If, however, you watch the effect of the rock entering the water, and get far enough away from the entry point, you will observe that the wave pattern quickly develops, and you can get a repeatable measurement.  This is called the far field.  Of course, the height of the wave diminishes with distance, so knowing the distance accurately is very important.  The far field is characterized by a reduction of sound as a function of distance by the following formula:

Sound2 = Sound1 - 20log(Distance 1/Distance2)

This means that far field sound will reduce by 6 dBA every time you double the distance.  Our testing indicates that for the 36” fan in our example, you may need to be 40-50 feet away before you develop that condition.  When you measure the sound level too close to the source, you can get readings that are wildly different from what you expect.

Sound coming from a fan is also directional.  You can hunt around and find low and high sound points.  The laboratory test is designed to blend all of these values together, but in the field, the directivity comes into play.

Let’s talk a little bit about sound attenuation.  One of the simplest (if you have an installation with ductwork), is to use insulated ductwork.  Fiberglass duct lining does a pretty good job of reducing noise, especially in the higher frequencies.  When you talk about sound attenuation, most people immediately think of sound mufflers, or silencers.  These are basically sections of ductwork that have an expanded outer diameter filled with acoustic absorbing insulation.  The insulation is covered with perforated metal, which minimizes erosion due to the airflow.  This type of silencer is limited in its ability to reduce noise because the length to diameter ratio, and the openness of the design, will allow lower frequency sound to pass thru.

One way to increase the effectiveness of this type of silencer is to add a center body, with could be round or a series of baffles, depending on the silencer configuration.  This breaks up the sound paths into narrower channels, so for a silencer of the same length, you have a much higher length to width ratio, which absorbs more noise.  These center bodies have smooth, rounded ends, in order to reduce the turbulence and pressure drop.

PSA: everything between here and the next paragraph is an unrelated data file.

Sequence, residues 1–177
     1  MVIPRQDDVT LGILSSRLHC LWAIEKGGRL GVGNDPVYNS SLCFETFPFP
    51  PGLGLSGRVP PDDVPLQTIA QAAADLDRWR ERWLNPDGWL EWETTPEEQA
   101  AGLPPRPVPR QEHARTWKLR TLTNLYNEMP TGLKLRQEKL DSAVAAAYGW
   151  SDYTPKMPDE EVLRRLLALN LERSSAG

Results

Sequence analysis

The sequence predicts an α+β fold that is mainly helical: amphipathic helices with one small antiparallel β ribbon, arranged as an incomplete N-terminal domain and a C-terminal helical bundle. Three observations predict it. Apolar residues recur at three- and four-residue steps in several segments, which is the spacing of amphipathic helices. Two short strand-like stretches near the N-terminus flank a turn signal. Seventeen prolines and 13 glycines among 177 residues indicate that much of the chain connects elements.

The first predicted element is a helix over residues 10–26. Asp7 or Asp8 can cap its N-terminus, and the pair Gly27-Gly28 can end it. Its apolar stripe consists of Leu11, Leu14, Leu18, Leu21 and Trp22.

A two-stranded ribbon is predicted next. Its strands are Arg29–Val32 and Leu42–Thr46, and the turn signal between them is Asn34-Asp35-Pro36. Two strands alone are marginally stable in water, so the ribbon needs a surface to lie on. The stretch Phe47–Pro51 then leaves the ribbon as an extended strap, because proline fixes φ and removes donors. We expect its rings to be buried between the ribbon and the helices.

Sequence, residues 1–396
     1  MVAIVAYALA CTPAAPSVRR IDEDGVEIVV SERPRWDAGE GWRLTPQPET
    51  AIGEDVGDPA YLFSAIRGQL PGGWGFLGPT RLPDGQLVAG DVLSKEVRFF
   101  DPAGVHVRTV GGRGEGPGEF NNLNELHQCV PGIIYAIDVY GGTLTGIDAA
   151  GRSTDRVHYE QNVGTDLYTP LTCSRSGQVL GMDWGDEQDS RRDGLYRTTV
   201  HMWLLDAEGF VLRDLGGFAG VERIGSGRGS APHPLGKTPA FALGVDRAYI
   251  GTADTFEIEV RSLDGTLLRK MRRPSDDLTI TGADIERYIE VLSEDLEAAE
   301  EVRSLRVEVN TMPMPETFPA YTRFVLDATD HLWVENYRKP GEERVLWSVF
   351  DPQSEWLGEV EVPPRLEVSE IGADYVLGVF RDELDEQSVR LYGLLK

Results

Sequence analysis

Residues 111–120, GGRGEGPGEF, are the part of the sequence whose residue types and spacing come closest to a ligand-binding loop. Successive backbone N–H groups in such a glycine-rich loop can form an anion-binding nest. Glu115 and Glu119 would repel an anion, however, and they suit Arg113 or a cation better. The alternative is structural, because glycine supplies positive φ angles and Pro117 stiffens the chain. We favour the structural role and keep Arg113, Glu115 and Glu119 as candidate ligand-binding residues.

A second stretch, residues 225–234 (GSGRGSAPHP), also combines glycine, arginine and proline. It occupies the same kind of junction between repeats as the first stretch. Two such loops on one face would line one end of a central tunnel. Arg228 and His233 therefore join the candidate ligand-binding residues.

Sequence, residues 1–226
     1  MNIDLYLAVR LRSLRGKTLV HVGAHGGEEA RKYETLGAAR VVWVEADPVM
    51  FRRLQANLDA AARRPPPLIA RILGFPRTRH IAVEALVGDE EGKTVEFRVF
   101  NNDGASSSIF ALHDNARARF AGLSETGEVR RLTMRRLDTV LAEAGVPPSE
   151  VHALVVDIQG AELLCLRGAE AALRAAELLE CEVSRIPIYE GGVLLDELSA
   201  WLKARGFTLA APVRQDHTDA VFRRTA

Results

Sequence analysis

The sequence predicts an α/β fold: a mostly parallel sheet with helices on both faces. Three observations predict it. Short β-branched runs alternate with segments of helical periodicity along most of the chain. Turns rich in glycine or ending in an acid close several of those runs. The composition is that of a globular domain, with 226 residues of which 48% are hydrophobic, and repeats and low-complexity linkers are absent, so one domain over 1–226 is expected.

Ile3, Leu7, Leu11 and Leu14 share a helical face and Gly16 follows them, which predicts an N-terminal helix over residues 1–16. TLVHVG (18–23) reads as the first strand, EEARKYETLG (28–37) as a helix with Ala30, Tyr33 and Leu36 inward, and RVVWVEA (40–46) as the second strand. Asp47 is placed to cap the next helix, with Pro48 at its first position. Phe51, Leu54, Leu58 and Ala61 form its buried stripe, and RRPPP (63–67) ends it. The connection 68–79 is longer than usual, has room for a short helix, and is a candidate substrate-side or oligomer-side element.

Trying to push too much air through a silencer leads to a phenomenon known as self-generated noise.  When high velocity air passes over the holes in the perforated metal, it creates noise.  Reputable silencer manufacturers have tested for this, and will include it in the calculation.

There are two other technologies used to reduce noise, but they are not common on fan applications.  One is a tuned resonance chamber, which is specifically designed to eliminate a single or known set of frequencies.  The sound enters an empty chamber next to the main air path, and gets absorbed and dampened inside that chamber.  Some of them also include air paths that change direction multiple times, in an attempt to increase their effectiveness.  These are also used in applications where higher temperatures are involved, such as in engine exhaust. 

One last method we’ll mention is active sound attenuation.  Think of your noise cancellation headphones.  The technology uses a microphone (to measure the noise spectrum), a computer (to analyze it, and create an equal noise level that is 180 degrees out of phase), and a microphone (to re-broadcast the noise).  What you end up with is actually more noise, but since it is out of phase, it gets cancelled, and you can’t hear it.  These devices are most effective when the noise is repeatable, and will have little effect on random noises.

As you can see, there are many facets to noise reduction.  Each one has a spot in the marketplace.  But remember, the most effective noise reduction is to properly select and install the equipment in the first place.  You can easily spend many more times the cost of the equipment to solve a noise problem in the field.